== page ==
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RSSs are too Remote and Uninformed to Deal with Land Releases says POS

Date: 8/2/2006

There is growing concern from grass-root members of the Planning Officers Society that the arbitrary application of growth point syndrome by Regional Assemblies and Regional Government Offices in emerging RSSs is blocking the non growth areas ability to promote adequate levels of sustainable growth to address local affordable housing targets. POS says this is a critical flaw in the draft PPS3 and needs to be re-examined.

The Planning Officers Society (POS), in its response to the Planning Policy Statement 3: Housing (PPS3) supports the proposals for five and fifteen year land release triggers and the sub regional and local authority breakdowns. However, it believes the Regional Spatial Strategies (RSS) are unlikely to be in a position to determine the circumstances under which land should be released throughout the country since the proposals are predicated on Housing Market Assessments (HMA) being applicable in all areas and in London and remote rural areas they are unlikely to reflect sub regional joint working structures.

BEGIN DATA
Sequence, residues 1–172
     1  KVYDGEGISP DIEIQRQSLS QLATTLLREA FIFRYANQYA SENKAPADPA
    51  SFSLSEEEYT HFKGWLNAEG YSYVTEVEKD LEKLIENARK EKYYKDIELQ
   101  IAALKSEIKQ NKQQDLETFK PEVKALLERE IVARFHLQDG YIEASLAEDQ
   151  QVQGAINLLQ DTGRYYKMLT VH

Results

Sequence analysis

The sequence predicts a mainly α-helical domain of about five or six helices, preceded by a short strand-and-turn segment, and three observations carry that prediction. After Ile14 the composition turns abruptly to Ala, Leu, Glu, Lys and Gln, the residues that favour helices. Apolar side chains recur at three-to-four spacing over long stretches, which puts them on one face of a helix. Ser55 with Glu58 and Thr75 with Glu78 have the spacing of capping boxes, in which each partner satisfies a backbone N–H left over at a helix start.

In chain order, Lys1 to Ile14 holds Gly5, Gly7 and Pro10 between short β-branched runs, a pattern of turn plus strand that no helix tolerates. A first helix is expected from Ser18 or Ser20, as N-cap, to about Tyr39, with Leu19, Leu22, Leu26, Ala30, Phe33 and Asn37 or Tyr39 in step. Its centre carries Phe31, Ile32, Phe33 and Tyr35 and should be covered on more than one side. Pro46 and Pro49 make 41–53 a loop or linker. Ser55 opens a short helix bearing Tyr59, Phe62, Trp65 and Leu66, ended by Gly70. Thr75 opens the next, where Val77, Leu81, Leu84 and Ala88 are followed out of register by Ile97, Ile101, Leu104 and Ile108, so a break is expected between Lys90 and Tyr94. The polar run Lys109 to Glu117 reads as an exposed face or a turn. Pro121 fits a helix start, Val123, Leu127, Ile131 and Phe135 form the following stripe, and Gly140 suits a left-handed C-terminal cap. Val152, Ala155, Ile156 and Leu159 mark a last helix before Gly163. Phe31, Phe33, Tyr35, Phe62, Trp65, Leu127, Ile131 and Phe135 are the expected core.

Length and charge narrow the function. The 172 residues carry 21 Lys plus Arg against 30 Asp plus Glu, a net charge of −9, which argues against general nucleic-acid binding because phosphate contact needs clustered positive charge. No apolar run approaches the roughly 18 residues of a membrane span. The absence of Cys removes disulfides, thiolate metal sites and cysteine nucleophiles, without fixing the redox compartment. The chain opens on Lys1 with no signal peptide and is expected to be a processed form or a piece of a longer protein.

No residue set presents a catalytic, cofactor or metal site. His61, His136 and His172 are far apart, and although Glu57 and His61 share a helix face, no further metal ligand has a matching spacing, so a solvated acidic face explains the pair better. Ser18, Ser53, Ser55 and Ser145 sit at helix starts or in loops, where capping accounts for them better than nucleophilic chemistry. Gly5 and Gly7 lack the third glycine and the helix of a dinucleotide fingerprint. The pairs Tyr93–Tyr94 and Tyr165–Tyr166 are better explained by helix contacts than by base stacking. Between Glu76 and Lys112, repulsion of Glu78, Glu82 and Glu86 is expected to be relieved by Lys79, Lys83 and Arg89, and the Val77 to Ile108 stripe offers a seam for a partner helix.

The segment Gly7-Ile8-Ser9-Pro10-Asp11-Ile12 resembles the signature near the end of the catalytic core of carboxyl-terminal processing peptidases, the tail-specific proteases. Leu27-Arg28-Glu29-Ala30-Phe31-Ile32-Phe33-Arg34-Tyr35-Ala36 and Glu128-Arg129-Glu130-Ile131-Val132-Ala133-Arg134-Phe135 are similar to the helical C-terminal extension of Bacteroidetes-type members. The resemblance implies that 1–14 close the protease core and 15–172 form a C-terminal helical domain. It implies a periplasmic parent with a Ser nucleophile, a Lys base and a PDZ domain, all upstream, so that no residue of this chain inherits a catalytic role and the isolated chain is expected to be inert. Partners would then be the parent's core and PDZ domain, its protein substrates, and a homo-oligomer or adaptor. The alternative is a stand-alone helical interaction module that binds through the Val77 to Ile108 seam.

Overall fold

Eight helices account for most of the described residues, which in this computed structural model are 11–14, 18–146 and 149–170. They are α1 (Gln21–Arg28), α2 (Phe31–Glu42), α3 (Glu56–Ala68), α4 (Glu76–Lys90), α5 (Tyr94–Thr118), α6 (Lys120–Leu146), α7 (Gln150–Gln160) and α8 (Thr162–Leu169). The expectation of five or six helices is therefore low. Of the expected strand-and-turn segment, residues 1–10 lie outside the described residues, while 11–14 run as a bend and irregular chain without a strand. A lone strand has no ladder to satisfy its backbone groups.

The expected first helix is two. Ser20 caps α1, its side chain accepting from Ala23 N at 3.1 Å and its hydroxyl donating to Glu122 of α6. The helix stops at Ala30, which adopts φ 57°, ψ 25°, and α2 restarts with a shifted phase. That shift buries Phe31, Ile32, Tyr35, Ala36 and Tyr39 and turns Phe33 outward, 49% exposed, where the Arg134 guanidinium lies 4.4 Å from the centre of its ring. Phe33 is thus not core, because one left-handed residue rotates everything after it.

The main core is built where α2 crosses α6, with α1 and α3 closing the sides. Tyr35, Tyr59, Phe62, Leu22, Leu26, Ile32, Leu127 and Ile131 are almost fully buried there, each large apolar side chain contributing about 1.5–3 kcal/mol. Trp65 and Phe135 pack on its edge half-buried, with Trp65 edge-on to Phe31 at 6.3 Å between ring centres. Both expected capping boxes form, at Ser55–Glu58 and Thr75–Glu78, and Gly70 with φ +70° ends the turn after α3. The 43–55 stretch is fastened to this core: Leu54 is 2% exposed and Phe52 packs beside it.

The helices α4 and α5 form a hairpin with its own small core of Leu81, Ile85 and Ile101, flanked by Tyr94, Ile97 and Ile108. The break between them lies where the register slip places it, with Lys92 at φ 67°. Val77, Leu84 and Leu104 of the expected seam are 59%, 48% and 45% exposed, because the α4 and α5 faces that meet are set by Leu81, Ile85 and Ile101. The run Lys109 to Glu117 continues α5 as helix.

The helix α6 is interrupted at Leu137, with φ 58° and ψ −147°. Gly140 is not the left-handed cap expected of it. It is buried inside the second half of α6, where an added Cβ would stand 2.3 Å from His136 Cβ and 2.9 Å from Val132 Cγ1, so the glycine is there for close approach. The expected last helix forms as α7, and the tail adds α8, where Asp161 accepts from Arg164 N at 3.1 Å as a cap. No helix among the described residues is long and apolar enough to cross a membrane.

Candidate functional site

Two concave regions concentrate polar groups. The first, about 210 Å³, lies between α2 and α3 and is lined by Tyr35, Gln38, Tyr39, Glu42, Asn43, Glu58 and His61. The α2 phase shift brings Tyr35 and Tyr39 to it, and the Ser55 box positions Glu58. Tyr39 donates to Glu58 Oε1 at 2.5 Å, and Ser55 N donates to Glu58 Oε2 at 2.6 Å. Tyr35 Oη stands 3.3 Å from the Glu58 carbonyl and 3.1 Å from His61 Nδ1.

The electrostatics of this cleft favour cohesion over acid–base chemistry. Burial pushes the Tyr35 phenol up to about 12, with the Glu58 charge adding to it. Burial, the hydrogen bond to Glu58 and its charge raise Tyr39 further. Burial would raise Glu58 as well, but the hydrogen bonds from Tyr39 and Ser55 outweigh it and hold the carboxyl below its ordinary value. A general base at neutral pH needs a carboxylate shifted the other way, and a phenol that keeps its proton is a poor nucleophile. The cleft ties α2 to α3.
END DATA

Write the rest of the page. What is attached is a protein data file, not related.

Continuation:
The Society is of the view that decisions about triggering the release of 5-15 year land need to be taken at the local market area level and any RSS triggers of land release are likely to be based on broad criteria which would not adequately reflect community involvement, Housing Market Area Partnerships views, or a clear understanding of the balance of the appropriate area factors in the HMA. The Society believes the RSS will only be equipped to oversee the cooperative arrangements necessary in any sub regional area identified in the RSS, thus for those parts of a region which lie outside an identified sub-region the RSS will not be able to provide the necessary guidance. This appears to be confirmed by the proposed appendix D to PPS3 where, outside growth areas, the option for identified sub regional release mechanisms is presented.

Geoff Cross, for POS, says “We suggest the PPS is amended to make it clear the RSS should only determine the general area in which local planning authorities will be expected to work to determine any 5-15 year land release at the sub regional level and local authority levels.” The Society goes on to suggest the RSS could influence LPA activity through an indication that the prevailing situation, if not resolved, is forcing the Development Plan Document out of conformity with the RSS.

 

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